Atlantic City Poised to Diminish With Nearby Gaming: Muni Credit

Photographer: Daniel Acker/Bloomberg

New Jersey governor Chris Christie has made turning around Atlantic City a driver of his plans to revitalize New Jersey’s economy. Close

New Jersey governor Chris Christie has made turning around Atlantic City a driver of... Read More

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Photographer: Daniel Acker/Bloomberg

New Jersey governor Chris Christie has made turning around Atlantic City a driver of his plans to revitalize New Jersey’s economy.

Atlantic City’s recovery from Hurricane Sandy delivered a 45 percent drop in borrowing costs in 2013. That may be as good as it gets as the resort’s casino revenue slides for a seventh straight year.

A year after Atlantic City survived the biggest storm in New Jersey history, its casino revival is faltering amid competition from nearby states. Its 12 venues are on pace for their worst year in more than two decades. The owner of the Revel Casino-Hotel, a $2.6 billion resort Governor Chris Christie is counting on to inject new life into the city’s gambling market, filed for bankruptcy in March, emerging in May.

The struggles don’t bode well for bonds of the city, said Howard Cure, director of municipal research at Evercore Wealth Management LLC. Christie based a 2011 Atlantic City turnaround plan on tax incentives, a $30 million advertising campaign and a state-run tourism district. Yield spreads may swell for the municipality, Cure said, after they shrank in September to the lowest monthly average for 2013.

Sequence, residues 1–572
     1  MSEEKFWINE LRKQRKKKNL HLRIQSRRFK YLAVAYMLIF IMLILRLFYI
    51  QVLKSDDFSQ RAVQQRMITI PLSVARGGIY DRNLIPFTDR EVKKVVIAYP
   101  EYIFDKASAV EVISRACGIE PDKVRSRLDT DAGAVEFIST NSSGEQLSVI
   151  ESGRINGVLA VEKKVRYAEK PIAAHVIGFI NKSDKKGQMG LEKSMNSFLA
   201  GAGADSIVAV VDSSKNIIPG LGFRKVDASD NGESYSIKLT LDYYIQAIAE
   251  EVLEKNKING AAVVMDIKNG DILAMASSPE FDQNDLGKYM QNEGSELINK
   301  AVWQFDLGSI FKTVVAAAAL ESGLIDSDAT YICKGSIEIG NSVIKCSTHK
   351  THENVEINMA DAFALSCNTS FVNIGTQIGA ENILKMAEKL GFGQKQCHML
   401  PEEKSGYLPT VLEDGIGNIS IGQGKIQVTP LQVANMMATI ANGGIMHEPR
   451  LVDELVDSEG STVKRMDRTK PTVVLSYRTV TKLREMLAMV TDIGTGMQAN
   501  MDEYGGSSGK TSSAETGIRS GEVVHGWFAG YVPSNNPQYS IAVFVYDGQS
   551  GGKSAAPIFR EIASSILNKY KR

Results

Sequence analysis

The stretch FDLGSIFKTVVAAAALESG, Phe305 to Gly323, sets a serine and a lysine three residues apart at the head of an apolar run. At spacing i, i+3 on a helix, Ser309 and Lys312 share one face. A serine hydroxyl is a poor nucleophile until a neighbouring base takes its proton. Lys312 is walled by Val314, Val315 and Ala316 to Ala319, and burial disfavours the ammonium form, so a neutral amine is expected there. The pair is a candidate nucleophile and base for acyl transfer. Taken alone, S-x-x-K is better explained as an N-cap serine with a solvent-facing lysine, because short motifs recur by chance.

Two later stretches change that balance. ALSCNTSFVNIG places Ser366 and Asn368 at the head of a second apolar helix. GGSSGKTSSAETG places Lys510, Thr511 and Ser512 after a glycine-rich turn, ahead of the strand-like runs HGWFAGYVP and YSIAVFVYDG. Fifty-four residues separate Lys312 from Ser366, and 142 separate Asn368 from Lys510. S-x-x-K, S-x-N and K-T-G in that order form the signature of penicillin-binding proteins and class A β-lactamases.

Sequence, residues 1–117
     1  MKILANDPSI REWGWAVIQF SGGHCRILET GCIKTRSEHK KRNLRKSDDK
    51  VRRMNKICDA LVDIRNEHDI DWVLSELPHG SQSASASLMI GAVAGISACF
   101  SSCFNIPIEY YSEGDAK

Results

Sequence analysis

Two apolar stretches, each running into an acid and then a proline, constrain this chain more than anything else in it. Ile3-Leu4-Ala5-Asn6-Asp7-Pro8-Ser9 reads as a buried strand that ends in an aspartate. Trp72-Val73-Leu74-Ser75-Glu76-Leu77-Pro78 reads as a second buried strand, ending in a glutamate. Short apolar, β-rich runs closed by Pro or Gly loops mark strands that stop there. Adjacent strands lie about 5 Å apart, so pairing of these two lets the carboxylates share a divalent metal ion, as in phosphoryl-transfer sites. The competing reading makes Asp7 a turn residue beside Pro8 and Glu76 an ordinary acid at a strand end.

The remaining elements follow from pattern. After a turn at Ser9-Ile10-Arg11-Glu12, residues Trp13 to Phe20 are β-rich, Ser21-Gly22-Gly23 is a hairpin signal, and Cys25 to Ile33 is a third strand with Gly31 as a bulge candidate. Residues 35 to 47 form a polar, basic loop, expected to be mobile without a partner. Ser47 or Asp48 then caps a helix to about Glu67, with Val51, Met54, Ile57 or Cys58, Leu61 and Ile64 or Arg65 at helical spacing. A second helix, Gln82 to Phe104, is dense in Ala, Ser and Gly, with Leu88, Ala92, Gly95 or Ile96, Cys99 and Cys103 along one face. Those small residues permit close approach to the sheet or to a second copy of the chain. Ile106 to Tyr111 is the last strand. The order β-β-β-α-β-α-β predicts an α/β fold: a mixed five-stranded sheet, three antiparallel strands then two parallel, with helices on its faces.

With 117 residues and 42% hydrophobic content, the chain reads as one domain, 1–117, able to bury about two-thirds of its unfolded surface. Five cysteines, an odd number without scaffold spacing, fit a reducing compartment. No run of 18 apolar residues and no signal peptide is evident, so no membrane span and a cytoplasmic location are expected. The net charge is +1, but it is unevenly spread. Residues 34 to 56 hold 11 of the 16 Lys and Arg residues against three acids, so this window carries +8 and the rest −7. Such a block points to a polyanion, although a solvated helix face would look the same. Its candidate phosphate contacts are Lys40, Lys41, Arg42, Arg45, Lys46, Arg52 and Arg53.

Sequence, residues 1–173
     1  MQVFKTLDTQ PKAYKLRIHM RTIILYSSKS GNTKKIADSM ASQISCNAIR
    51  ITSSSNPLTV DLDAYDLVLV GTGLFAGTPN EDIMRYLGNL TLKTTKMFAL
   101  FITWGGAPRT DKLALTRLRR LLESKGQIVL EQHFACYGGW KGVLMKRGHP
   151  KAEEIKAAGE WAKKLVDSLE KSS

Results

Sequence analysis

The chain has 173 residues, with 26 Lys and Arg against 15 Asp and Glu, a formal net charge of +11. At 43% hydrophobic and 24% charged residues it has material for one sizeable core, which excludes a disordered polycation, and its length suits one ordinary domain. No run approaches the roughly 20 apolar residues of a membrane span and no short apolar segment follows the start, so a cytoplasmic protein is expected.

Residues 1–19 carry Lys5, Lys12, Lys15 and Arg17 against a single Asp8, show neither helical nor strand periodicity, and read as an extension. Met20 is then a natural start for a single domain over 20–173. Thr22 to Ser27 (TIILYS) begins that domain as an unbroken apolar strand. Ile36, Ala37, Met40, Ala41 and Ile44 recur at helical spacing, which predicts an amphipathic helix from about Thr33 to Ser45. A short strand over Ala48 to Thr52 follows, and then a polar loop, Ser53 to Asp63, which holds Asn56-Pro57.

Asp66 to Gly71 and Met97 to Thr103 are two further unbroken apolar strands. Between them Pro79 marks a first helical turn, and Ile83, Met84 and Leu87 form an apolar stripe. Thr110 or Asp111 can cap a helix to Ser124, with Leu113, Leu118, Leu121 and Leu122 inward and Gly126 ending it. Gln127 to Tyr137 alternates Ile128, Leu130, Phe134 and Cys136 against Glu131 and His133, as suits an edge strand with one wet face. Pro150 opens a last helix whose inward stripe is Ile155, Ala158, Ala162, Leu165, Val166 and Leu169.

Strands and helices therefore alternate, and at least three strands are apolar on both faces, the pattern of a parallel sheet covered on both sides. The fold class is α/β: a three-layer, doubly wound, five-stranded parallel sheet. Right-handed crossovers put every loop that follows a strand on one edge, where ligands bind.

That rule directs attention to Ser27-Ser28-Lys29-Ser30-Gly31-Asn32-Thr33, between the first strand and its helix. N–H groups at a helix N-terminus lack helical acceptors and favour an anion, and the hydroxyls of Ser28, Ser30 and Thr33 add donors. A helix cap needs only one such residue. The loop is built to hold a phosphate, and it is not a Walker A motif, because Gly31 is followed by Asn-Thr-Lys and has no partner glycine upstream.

“Atlantic City is one of the few places since the recovery that still has lost revenues in gaming,” said the Manhattan-based Cure, whose firm oversees about $4.7 billion. “If spreads widen for weaker credits and issuance picks up, there will be less demand for A.C. paper and existing holders could suffer.”

Halfway There

Christie, a 51-year-old Republican seeking re-election in November, has made turning around Atlantic City a driver of his plans to revitalize New Jersey’s economy. The state is about midway through a five-year plan to help revive the city, which is showing few signs of recovery.

Michael Drewniak and Colin Reed, spokesmen for Christie’s office, didn’t reply to a phone call and e-mails for comment on the city’s finances.

New Jersey approved casinos in 1976 and limited them to Atlantic City to boost its finances. The first casino, Resorts International, opened in 1978. Gambling revenue rose every year until 2007, when the 18-month recession began, and after neighboring states, including Pennsylvania and New York, added slot machines.